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The harsh side of the Church on show in Philomena is not the full story

The work done by Frank Duff highlights the fact that, although forced adoptions were widespread in Ireland, there were those who did much to help single mothers

By on Thursday, 7 November 2013

Dame Judi Dench with Philomena Lee (PA)

Dame Judi Dench with Philomena Lee (PA)

A new film Philomena is now on general release. Based on a true story written by Martin Sixsmith and titled The Lost Child of Philomena Lee, the film is the heartrending story of a young Irish girl, unwed and pregnant, who is forced by the nuns who are looking after her to give up her son, named Anthony, for adoption. I won’t divulge what happens next but, directed by Stephen Frears and with Dame Judi Dench in the title role, it is bound to attract unwelcome publicity for the Church, especially in Ireland.

I haven’t seen the film yet but this blog is in no way an attempt to whitewash the nuns’ behaviour. I won’t even dwell on the obvious point that attitudes were different then and that the nuns should be seen in the context of their times. They were hard-hearted and unchristian, whatever the historical circumstances. I am not criticising all such adoptions, many of which might have been for the best; I am merely suggesting that this case sounds particularly inflexible and harsh.

It is the more so because such practices, though widespread in Ireland of the time, were not the only option for girls in Philomena’s predicament; as the Catholic Commentary blog points out, one man had been inspired to open a hostel in Dublin as early as 1930, for the sole purpose of keeping unmarried mothers with their children. This was Frank Duff, founder of the Legion of Mary, which ran the Regina Coeli hostel according to Duff’s wish that there should be “a home-like feeling about the place” and that the surroundings should be as beautiful as possible. At the “Mater Dei” unit within the hostel, one of the mothers cared for the babies while the others took jobs to help pay for the household costs.

At the time such a response was almost unknown and in the early days of the new lay movement Duff was criticised for the Legion’s policy. The Sisters in Roscrea, who were caring for girls like Philomena, would not have approved. But like saints throughout history Duff, whose Cause for sanctity is being investigated, cared passionately for the spirit rather than the letter of the law. As well as founding a hostel for single mothers, he and the Legion had already established a hostel to rescue prostitutes from the streets and, in a gesture far ahead of its time, he had also arranged a social venue where people of same-sex orientation, already ostracised by society, could relax without fear of police persecution.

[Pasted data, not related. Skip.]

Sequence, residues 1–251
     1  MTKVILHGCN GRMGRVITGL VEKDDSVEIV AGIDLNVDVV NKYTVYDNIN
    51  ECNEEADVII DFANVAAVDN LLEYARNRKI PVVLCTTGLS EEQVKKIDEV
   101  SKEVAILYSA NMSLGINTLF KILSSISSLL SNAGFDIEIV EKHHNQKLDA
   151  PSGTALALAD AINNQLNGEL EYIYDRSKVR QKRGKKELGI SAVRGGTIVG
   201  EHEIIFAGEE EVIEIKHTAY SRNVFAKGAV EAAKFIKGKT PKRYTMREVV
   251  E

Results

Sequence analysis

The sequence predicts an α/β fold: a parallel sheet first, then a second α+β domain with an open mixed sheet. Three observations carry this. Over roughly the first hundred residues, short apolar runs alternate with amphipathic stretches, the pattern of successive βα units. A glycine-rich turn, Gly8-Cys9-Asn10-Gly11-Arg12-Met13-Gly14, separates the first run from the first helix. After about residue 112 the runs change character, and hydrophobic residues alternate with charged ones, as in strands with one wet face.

In 1970, forty years after the opening of the Regina Coeli hostel, Frank Duff wrote presciently: “I find it a little difficult in my own mind to make a broad differentiation between the determined separating of the unmarried mother from her child and the relieving of the unmarried mother from her unwanted child by way of abortion. Deep down it seems to me that these two processes have an identical root. This root would be the denial of the fact that a spiritual relationship of the supremest order exists between a mother and her child, inclusive of the unborn child.”

Statements like this, comparing the censorious attitude of the Church towards illegitimacy to a modern secular approach to unwanted pregnancy, would not have endeared Duff to the Irish clerical establishment who were suspicious of any lay initiative, like the Legion of Mary, that they did not control. For those who would like to know more about the deeply apostolic life of this quiet and unassuming civil servant, Finola Kennedy’s Frank Duff: A Life Story would be a good place to start. Duff believed that the Church, the “Mystical Body of Christ”, summoned all its members to vocation, lay as well as clerical. As early as the 1950s he warned that “in Ireland we were thrown back on a caricature of Christianity.” He would have been certain that the forcible separation of unwed mothers from their babies was part of this “caricature”.

When watching the film Philomena, with all Dame Judi Dench’s acting gifts on full display, it is worth remembering that this strict and punitive side of the Church as it then was, is not the whole story and that in every age of the Church’s history there are men and women like Frank Duff working ceaselessly to incarnate the mercy and love of Christ.